Chip Elitzer, speaking at Great Barrington Town Meeting. Photo: David Scribner

Elitzer told The Edge he is pleased with the report but “it’s a long way from being legislation,” in part because Bump “has no legislative power.” He thinks the state Legislature needs to set up a commission or task force to study the proposals and make recommendations.

“This report is invaluable in terms of stirring up some awareness and perhaps putting more impetus behind the proposals,” Elitzer said.

“It highlighted Berkshire Hills as one of the three districts,” Dillon said of Bump’s report. “It’s giving voice to some things we’ve been saying for a long time. It’s one thing for me or someone else to say it, but it’s quite another for the state to say it.”

The other two regional districts highlighted in the report are Groton-Dunstable and the Wachusett Regional School District, the largest regional district in the state.

Dillon said the report highlights “parallel conversations that are going on.” One is “gaps in general funding” and transportation funding and the other is the “structural inequities” that nag regional school districts.

Dillon said total underfunding from the state, which had promised to fully fund the transportation cost of regional school districts, is in the range of $300,000 to $700,000 per year. And it seems that every year, the School Committee is compelled to cut teaching positions in order to keep tax increases down.

“That could cover the cost of five to eight teachers,” Dillon said of the restored aid. “Think about all those budget conversations we had and we were searching for nickels and dimes.”

Dillon said the report should become fodder for dialogue for the next several months or more.

“I’m excited about it because even if people just read the executive summary, they’re prepped for a good conversation,” he said.

Stephen Hemmen is assistant director of the Massachusetts Association of Regional Schools, which represents most of the state’s 58 academic regional school districts that enroll approximately 107,000 students in more than 170 communities. The report, he says, “really brings attention to the issues relating to regional schools.”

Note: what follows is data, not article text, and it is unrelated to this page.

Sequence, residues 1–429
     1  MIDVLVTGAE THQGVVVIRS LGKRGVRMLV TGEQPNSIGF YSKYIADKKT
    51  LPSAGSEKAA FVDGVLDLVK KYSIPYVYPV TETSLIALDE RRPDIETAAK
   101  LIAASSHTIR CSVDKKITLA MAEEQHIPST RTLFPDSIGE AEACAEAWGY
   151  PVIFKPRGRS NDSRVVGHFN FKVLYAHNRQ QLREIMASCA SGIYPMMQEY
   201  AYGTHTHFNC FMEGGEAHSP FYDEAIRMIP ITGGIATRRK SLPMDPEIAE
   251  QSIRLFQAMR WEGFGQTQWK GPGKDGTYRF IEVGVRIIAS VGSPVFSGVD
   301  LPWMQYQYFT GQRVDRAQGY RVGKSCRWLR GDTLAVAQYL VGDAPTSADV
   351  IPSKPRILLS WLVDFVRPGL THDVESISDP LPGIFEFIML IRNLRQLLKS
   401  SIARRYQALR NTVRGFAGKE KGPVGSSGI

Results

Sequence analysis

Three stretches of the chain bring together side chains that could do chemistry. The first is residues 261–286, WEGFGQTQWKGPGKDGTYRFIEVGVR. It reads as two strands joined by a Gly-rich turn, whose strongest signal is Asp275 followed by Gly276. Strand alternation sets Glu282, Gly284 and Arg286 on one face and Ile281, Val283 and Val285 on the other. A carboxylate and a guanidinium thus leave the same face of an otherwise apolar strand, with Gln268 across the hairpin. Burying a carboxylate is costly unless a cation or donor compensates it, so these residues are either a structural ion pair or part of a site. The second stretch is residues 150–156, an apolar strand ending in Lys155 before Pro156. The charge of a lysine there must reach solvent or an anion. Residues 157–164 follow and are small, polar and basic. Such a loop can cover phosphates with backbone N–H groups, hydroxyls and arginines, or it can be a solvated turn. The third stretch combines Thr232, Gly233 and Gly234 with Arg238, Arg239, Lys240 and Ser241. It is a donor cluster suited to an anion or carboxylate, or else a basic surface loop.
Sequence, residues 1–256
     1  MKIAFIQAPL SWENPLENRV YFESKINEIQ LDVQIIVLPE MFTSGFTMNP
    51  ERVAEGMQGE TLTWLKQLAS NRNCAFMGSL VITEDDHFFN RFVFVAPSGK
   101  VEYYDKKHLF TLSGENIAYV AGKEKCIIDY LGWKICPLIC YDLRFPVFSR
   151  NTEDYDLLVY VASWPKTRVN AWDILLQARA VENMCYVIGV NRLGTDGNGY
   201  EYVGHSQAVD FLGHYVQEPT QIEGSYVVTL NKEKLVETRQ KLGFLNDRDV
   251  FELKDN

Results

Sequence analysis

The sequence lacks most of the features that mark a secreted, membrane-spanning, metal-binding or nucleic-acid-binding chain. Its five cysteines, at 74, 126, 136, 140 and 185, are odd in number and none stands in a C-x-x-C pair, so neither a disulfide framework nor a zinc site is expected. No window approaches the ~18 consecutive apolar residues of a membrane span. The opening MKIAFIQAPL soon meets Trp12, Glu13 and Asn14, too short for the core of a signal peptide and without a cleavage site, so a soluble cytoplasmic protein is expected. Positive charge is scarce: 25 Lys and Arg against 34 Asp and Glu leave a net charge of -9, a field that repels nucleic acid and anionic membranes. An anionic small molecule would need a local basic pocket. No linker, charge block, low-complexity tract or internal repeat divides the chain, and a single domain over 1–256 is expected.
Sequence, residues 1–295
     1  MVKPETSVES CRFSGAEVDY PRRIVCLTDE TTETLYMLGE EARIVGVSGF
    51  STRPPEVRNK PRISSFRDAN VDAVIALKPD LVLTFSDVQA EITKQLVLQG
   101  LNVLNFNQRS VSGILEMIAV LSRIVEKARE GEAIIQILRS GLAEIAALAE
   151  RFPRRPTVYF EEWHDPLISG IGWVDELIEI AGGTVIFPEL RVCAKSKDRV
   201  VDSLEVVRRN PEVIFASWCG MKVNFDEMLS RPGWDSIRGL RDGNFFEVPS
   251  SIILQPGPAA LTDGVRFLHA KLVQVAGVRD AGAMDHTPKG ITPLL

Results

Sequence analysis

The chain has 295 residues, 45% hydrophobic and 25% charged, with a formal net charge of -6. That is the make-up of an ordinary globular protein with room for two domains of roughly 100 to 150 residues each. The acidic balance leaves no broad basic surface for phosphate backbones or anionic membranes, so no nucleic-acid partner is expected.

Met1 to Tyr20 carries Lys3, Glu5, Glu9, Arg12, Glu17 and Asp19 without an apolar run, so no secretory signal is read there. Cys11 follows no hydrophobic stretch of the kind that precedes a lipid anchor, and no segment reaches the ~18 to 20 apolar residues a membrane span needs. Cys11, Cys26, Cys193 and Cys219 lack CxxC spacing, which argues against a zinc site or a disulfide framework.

“The funding issues we all know about,” Hemmen said. “But it also addresses declining enrollments. The state needs to provide incentives for schools to consolidate and share personnel.”

The state also has an incentive to see regional school districts operate more efficiently because aid to local school districts makes up a huge part of the state budget, Hemmen explained.

“The Legislature needs to look at this as a positive,” said Hemmen, who also added that there will be political obstacles to further regionalization because larger districts mean individual towns will have less clout.

State Rep. William “Smitty” Pignatelli

In an interview, state Rep. William “Smitty” Pignatelli (D-Lenox) said he was not surprised by anything he read in Bump’s report because “it’s everything we’ve been talking about for the last 20 years.” Indeed, Pignatelli seemed to think Bump’s report raises more questions than it answers.

“We have a constitutional officer who recognizes the problem and what are we in the Legislature going to do about it?” Pignatelli asked. “It now comes down how do we do it. We need more money.”

Indeed, Bump’s office sent out a statement today announcing that two central Massachusetts lawmakers, Sen. Anne M. Gobi (D-Spencer) and Rep. Kimberly N. Ferguson (R-Holden), have indicated their intention to work to implement the report’s recommendations.

Pignatelli pointed a finger at DESE, the state agency in charge of elementary and secondary education. He said 10 years ago a DESE undersecretary acknowledged at a public meeting in Sheffield that the state had failed to adequately fund regional schools since the Massachusetts Education Reform Act of 1993.

Pignatelli said representatives from the Legislature plan to meet next week with DESE officials and for him, “it will come down to funding” — especially transportation funds, for which the state has only been meeting about 70 percent of its obligations.

“I’ve advocated for a state bid for regional school transportation,” Pignatelli said. “That way, the state will know what 100 percent is.”